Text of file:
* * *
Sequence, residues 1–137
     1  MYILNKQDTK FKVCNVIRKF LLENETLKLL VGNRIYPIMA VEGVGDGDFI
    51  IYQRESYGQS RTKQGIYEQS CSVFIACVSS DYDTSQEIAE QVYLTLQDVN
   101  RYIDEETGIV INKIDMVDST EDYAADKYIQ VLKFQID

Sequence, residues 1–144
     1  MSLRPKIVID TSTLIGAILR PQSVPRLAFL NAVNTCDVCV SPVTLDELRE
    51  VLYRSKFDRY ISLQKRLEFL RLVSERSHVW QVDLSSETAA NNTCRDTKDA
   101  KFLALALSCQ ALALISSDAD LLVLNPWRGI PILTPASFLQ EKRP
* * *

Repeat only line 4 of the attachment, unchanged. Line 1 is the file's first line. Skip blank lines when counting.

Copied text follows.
   101  RYIDEETGIV INKIDMVDST EDYAADKYIQ VLKFQID